Things being what they are, the demand for my professional services hasn’t exactly been overwhelming in recent months, as opposed to our bills, which continue to be impressively overwhelming.
With that in mind, I took a part-time “essential services” job as a cashier with a local grocery store.
After decades on the consumer side, this is my first foray to the other side of the conveyor belt, and it’s been an eye-opener in many ways.
To wit: I offer up this bagful (“Is plastic OK?”) of random retail ramblings accumulated over the past month:
* First off, grocery cashier is a stressful job, mentally and physically demanding in ways you might not have imagined unless you’ve done it. First off, just standing in place that long (six hours with one 20-minute break in the middle, for example) is taxing by itself, particularly if you’re not a high school kid as many of my fellow cashiers seem to be. Meanwhile, you’re getting a steady and often non-ergonomic upper-body workout, grabbing, scanning, bagging and hefting…over and over and over through a seemingly infinite ribbon of groceries. (Pro tip: If you’re one of those mega-buyers of pop or other heavy items, please, oh please leave ‘em in the cart and let me scan them there. Saves everyone time and defers my hip and shoulder replacements a little while longer. And a special place in heaven is reserved for those kind souls who make sure the UPCs aren’t buried.) Then there’s the mental stress. While most customers are actually pretty nice, some…aren’t so nice. (I know standing in this line probably isn’t your favorite part of the day. It’s not mine, either.) Beyond that, getting you checked out fast and without crushing your eggs or bread requires a constant series of near-instantaneous packing decisions. As your order starts flowing toward me, I’ve already, out of necessity, paired up at least two bags worth of stuff in my mind. And the mind-numbing hits just keep on a-comin’, hour after hour. So to summarize, just sayin’: Please have a heart, we’re doing our minimum wage best for you and it’s not as easy as we may sometimes make it look.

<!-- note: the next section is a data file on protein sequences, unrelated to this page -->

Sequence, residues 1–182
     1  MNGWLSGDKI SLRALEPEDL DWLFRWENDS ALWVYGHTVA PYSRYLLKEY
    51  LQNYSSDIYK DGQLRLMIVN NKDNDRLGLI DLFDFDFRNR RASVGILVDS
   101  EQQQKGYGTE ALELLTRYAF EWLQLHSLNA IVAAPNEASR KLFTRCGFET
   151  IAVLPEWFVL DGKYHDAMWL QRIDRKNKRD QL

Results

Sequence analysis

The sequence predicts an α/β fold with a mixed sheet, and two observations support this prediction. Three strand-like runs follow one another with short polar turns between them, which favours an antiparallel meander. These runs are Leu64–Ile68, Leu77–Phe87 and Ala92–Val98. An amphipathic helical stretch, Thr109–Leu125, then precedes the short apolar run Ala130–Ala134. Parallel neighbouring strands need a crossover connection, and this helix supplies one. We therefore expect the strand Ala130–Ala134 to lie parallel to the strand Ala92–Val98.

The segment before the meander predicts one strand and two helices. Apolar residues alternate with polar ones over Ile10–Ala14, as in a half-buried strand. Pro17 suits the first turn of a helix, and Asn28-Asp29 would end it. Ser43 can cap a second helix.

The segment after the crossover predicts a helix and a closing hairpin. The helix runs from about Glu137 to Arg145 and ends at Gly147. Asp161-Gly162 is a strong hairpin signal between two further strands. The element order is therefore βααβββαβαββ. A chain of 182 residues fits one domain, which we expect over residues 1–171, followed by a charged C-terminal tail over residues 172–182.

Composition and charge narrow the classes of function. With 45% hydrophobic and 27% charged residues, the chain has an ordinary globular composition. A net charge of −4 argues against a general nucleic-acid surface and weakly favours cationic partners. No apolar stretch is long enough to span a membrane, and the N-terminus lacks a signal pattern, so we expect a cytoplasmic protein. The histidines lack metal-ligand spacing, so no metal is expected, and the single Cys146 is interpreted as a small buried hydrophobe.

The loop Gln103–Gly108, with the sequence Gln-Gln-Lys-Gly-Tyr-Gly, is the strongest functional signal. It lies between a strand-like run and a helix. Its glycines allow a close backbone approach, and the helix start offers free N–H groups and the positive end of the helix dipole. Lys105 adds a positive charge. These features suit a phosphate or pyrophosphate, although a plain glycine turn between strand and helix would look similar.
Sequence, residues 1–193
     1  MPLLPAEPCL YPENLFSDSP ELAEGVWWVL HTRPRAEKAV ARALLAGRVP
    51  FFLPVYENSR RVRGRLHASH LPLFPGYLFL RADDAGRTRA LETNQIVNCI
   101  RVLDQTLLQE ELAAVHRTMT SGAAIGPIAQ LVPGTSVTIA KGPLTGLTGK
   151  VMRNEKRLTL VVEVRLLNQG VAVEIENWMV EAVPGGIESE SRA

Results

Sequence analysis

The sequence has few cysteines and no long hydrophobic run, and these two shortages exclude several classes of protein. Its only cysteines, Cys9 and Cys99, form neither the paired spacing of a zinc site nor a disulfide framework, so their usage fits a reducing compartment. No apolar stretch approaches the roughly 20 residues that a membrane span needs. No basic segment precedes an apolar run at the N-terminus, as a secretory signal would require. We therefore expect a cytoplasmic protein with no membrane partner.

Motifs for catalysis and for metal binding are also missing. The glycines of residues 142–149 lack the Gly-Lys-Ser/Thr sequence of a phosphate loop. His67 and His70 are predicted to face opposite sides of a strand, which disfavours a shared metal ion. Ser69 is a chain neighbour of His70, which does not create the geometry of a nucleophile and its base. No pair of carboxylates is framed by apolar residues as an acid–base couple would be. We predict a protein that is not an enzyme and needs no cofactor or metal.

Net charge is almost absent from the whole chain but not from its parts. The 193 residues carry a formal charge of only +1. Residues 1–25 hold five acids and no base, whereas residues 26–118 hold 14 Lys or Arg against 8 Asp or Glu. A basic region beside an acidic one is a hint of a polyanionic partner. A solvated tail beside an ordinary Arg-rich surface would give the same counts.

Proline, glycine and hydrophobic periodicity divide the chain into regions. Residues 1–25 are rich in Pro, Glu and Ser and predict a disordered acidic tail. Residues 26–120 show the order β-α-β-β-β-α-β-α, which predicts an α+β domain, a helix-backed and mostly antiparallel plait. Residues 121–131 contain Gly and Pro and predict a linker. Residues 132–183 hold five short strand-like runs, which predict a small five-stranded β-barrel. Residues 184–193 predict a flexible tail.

* Doing all of the above while breathing through my mask for six hours just makes it that much more fun. Trying to understand what you’re telling me through your mask amid the din of grocery store background noise makes it even funner!
* Ya’all are eating and drinking WAY too much junk. Seriously. Quarantine or not: Just because you can get a deal if you buy a half-dozen six-packs of pop doesn’t mean you should. There are some good healthy eaters out there, for sure, but the majority seem to be sucking down pop, beer, chips and other crap at an alarming rate. I’m in no way claiming sainthood there, but yikes!
* Paper bags inside plastic bags is a match made somewhere other than heaven. I get that you want maximum structural integrity, but paper grocery bags fit inside plastic bags like Jackie Gleason putting on Cher’s pants. Average age of shoppers requesting this awkward combo: 72.
* Please use the order dividers. I’m busy enough without having to try to divine where your order ends and the next one begins.
* I’ve had an affinity for coins ever since I got into collecting them as a youngster. That said, dealing with change in general - and pennies in particular - is a cashier PITA. Much as anything, it’s the inevitably awkward handoff. Any change permutation ending in “4” or “9” pretty much blows.
*Oddity: Complete strangers addressing me by my first name, by virtue of the name tag I forget I'm wearing. Still catches me by surprise. I just want to respond, "Hey Bob! How's it goin'?"
“That is all. Thank you for visiting Register 13, and have a great day!”